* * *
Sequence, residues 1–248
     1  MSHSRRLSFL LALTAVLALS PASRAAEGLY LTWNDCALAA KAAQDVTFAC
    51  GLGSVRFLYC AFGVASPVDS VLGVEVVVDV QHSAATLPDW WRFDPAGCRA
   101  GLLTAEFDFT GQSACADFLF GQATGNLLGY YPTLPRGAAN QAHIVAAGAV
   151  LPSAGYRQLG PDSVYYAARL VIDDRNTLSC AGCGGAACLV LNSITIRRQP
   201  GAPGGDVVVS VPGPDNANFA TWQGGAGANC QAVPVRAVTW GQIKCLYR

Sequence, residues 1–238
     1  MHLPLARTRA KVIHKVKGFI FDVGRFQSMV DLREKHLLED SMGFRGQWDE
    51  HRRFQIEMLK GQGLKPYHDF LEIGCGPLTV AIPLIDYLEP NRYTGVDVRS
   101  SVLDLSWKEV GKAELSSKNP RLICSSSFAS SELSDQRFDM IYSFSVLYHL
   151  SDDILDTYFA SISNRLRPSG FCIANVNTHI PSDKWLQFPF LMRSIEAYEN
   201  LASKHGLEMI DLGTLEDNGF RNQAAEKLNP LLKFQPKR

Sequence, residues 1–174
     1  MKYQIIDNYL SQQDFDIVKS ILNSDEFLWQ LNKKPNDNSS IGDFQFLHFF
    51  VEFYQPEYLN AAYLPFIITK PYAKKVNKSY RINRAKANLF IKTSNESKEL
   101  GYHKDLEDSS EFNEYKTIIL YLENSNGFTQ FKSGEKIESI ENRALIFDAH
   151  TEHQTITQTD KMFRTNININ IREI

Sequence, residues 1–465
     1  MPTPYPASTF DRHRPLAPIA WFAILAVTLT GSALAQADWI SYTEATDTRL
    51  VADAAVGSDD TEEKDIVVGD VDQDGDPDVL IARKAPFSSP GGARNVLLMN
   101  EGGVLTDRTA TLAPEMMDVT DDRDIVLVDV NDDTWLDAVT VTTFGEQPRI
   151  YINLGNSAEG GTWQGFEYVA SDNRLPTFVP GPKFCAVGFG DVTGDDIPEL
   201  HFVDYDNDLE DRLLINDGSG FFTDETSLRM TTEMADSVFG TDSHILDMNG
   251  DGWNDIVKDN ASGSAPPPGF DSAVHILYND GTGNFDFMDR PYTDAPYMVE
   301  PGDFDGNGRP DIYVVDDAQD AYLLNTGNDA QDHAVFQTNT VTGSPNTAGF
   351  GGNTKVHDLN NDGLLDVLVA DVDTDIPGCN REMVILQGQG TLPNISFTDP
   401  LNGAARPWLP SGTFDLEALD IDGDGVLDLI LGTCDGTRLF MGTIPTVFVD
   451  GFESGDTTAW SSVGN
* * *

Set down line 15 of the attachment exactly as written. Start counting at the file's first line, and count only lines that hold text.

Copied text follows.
    51  VEFYQPEYLN AAYLPFIITK PYAKKVNKSY RINRAKANLF IKTSNESKEL